Today, drug resistance continues to be one of the most deadly threats we face.
In the 1930s, a common disease called childbed fever went from killing 3 out of every 4 women who contracted it during childbirth to less than 1 in 20. This miraculous shift in the trajectory of an infectious disease resulted from Gerhard Domagk’s 1931 discovery and isolation of the first safe antibiotic drug called prontosil. A few years later, penicillin was isolated, and the remarkable success of both of these drugs prompted many scientists and doctors worldwide to proclaim the end of all infectious disease.
Their enthusiasm was short-lived. By 1942, bacteria began developing resistance to antibiotics, and the effectiveness of prontosil dropped from 90% to 25%. Today, drug resistance continues to be one of the most deadly threats we face. For example, some forms of tuberculosis (TB) – a disease we’ve known how to treat for over 60 years – are now resistant to almost all antibiotics currently available. Resistance can turn back the clock on many of our greatest public health achievements and render our best medicines useless.
The Size of the Molecule Matters
One of the reasons pathogens are able to become resistant to treatment is because most drugs we use today are “small molecule drugs.” Less than one nanometer in size, they typically work by binding to specific protein enzymes within a pathogen or infectious agent and inhibiting reactions critical to that pathogen’s survival. Penicillin, for example, blocks an enzyme that helps build and maintain strong cell walls, causing the bacteria to burst.
These interactions, however, frequently occur only at a single contact point. With only one option, the point of contact must be very strong for the drug to work, and drug resistance can develop when a target mutates. Imagine trying to catch a baseball with one finger. You could do it if the contact between the ball and your finger was very sticky. However, if something happened to the ball to make it even slightly less sticky – if it in fact mutated – the ball would probably bounce right off you.
Now imagine there was a drug that could bind to a target at multiple points of contact – a “multivalent drug.” This would be like catching a baseball with five fingers – a much easier task, even if each finger only contacts the ball weakly. And you could probably still catch the ball even if one finger did not make contact at all.
Most interactions in biology are, in fact, multivalent. Bacteria and viruses invade cells by making multiple points of contact to a cell membrane. Our immune systems then respond by producing antibodies that make multivalent contacts with pathogens.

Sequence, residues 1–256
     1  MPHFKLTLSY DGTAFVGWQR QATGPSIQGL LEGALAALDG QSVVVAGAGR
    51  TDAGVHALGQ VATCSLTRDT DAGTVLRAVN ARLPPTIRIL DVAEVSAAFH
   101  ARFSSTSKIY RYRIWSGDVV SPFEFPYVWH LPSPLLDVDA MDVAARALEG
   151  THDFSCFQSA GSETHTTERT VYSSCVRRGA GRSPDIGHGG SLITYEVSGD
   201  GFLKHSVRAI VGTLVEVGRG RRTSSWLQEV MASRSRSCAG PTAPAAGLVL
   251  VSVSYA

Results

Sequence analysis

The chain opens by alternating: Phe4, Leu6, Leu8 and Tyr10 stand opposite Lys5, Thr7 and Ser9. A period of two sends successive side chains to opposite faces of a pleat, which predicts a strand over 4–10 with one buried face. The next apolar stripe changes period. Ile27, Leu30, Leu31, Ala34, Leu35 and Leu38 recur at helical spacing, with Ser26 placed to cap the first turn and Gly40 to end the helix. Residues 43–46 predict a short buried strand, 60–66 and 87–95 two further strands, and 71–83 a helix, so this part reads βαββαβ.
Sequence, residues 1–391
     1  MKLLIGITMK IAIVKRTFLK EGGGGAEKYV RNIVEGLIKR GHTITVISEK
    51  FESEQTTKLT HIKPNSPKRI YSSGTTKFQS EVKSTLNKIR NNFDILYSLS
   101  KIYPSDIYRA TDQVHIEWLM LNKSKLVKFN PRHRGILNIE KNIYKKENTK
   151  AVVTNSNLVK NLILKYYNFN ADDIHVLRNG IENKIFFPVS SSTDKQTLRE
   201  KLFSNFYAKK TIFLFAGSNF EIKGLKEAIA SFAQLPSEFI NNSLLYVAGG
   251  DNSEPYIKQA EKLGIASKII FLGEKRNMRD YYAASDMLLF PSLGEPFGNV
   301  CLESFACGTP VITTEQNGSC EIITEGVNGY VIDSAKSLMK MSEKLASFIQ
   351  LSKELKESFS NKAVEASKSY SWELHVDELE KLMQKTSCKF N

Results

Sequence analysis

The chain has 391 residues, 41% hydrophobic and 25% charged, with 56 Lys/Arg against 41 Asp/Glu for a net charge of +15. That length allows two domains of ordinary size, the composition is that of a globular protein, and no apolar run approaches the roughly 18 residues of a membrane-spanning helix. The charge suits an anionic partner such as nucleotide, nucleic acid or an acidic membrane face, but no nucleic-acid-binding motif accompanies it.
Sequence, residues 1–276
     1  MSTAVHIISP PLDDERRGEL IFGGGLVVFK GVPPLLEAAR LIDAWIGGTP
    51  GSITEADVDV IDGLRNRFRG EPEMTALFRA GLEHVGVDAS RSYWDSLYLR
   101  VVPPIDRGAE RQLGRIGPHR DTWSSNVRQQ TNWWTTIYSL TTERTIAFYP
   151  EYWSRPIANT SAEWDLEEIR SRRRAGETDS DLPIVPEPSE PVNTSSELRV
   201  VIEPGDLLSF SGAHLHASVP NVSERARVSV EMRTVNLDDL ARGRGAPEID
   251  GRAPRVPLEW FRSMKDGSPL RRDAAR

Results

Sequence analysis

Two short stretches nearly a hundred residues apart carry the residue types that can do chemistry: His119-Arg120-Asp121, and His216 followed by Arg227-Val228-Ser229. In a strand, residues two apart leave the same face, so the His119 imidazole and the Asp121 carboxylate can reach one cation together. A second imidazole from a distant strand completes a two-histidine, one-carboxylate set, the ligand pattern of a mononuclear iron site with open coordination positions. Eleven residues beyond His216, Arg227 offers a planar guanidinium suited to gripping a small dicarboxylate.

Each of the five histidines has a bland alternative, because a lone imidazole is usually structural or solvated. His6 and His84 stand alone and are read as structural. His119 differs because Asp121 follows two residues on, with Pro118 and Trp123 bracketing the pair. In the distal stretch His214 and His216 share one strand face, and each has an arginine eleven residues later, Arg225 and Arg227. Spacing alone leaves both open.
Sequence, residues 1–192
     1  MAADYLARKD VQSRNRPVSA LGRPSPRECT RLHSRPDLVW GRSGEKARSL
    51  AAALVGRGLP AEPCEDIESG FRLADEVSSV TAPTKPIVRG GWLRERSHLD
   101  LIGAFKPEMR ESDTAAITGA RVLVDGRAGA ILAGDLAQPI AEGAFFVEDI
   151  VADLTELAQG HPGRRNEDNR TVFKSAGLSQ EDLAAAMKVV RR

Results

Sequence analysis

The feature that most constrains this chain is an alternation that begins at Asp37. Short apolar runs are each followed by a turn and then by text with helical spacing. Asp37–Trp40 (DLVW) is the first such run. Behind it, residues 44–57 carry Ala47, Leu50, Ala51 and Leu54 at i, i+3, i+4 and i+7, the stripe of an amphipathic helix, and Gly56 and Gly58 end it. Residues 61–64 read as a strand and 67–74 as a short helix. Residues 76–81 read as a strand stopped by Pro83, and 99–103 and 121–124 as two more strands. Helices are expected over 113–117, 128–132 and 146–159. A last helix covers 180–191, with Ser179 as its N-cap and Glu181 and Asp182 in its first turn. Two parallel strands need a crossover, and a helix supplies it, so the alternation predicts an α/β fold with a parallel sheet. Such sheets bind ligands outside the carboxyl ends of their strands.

Several years ago, my colleague Christian Melander and I asked ourselves, “Why not develop drugs that resemble interactions in nature?” Then, if one point of contact is rendered useless or weakened, there would still be several other points of contact that could potentially circumvent drug resistance. Now we are trying to do just that.
The Making of Multivalency
Making a multivalent drug requires a platform that allows us to bring several small molecules onto a core particle, forming what is known as a “nanoparticle.” Gold particles are an ideal core because molecules can be easily attached, and you can change the size of the nanoparticle depending on your target. With over two hundred commercially available molecules – and many more that are easily synthesized – the diversity of nanoparticles that can be assembled on gold particles and tested as drugs is unlimited.
Creating gold nanoparticles, however, is not enough. For nanoparticles to have any impact on global health, they have to have biological activity. And initial tests suggest that they do. In a recent experiment, we showed that when multiple copies of penicillin are attached to gold nanoparticles, they can inhibit the growth of a strain of Staphylococcus aureus that is typically resistant to penicillin. In a second experiment, we found that different types of small molecules attached to gold nanoparticles could inhibit the growth of E.coli.
Together, these two experiments suggest that it could be possible to “reactivate” antibiotics – like penicillin or prontosil – by attaching multiple copies to a gold nanoparticle. Additionally, it may be possible to create entirely new antibiotics that will be less susceptible to resistance.
These preliminary results – and the results of many other labs working on nanometer-sized therapeutics – have inspired us to think about nanoparticle-based drug design in new ways. Could the charge of a group of molecules attached to a nanoparticle help guide a particle toward the enzyme of interest while avoiding unwanted targets? Are there combinations of molecules that when displayed on a nanoparticle surface could breach the most impenetrable of pathogens such as TB? Can the spacing between molecules attached to a nanoparticle be tuned to match the spikes on HIV, and could this “distance-matching” lead to better therapeutics?
We are only at the beginning of what we expect will be a long journey filled with many dead ends. However, thanks to Gerhard Domagk and the many early pioneers of modern pharmaceutical chemistry, we know that success is not impossible.
Read the other blogs in the Grand Challenges in Global Health Series
Bill Gates, Bill & Melinda Gates Foundation, Great Ideas From Unexpected Places
Chris Wilson, Global Health Discovery Program, Bill & Melinda Gates Foundation,Engaging the Best Minds to Tackle Global Health Challenges
Keith Jerome, University of Washington, Slicing HIV DNA from Infected Human Cells
Dr. Szabolcs Márka, Columbia University, From Black Holes to Malaria
Dan Feldheim is a Professor of Chemistry and Biochemistry at the University of Colorado, Boulder. He is grateful to the Bill and Melinda Gates family and foundation for their inspiration and research support.